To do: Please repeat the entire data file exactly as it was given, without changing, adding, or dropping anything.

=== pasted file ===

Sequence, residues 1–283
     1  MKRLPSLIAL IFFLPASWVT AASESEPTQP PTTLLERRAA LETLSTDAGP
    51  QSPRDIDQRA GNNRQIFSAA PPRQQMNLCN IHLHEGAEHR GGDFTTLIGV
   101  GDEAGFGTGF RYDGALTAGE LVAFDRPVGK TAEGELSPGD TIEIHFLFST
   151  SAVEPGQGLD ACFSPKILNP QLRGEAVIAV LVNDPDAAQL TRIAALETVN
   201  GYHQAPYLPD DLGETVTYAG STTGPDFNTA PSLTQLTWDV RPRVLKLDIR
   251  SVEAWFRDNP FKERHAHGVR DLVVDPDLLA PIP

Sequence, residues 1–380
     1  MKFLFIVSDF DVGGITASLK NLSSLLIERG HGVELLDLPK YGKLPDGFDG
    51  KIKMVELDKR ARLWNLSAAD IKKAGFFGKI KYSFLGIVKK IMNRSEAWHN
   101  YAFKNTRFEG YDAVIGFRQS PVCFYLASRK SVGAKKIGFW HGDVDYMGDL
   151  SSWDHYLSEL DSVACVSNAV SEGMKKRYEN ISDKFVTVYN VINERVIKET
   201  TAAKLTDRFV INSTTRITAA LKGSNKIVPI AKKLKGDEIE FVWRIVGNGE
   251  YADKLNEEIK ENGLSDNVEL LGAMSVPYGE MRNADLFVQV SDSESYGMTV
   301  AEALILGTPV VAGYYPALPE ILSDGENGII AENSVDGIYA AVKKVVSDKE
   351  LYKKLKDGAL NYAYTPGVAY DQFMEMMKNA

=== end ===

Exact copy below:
Sequence, residues 1–283
     1  MKRLPSLIAL IFFLPASWVT AASESEPTQP PTTLLERRAA LETLSTDAGP
    51  QSPRDIDQRA GNNRQIFSAA PPRQQMNLCN IHLHEGAEHR GGDFTTLIGV
   101  GDEAGFGTGF RYDGALTAGE LVAFDRPVGK TAEGELSPGD TIEIHFLFST
   151  SAVEPGQGLD ACFSPKILNP QLRGEAVIAV LVNDPDAAQL TRIAALETVN
   201  GYHQAPYLPD DLGETVTYAG STTGPDFNTA PSLTQLTWDV RPRVLKLDIR
   251  SVEAWFRDNP FKERHAHGVR DLVVDPDLLA PIP

Sequence, residues 1–380
     1  MKFLFIVSDF DVGGITASLK NLSSLLIERG HGVELLDLPK YGKLPDGFDG
    51  KIKMVELDKR ARLWNLSAAD IKKAGFFGKI KYSFLGIVKK IMNRSEAWHN
   101  YAFKNTRFEG YDAVIGFRQS PVCFYLASRK SVGAKKIGFW HGDVDYMGDL
   151  SSWDHYLSEL DSVACVSNAV SEGMKKRYEN ISDKFVTVYN VINERVIKET
   201  TAAKLTDRFV INSTTRITAA LKGSNKIVPI AKKLKGDEIE FVWRIVGNGE
   251  YADKLNEEIK ENGLSDNVEL LGAMSVPYGE MRNADLFVQV SDSESYGMTV
   301  AEALILGTPV VAGYYPALPE ILSDGENGII AENSVDGIYA AVKKVVSDKE
   351  LYKKLKDGAL NYAYTPGVAY DQFMEMMKNA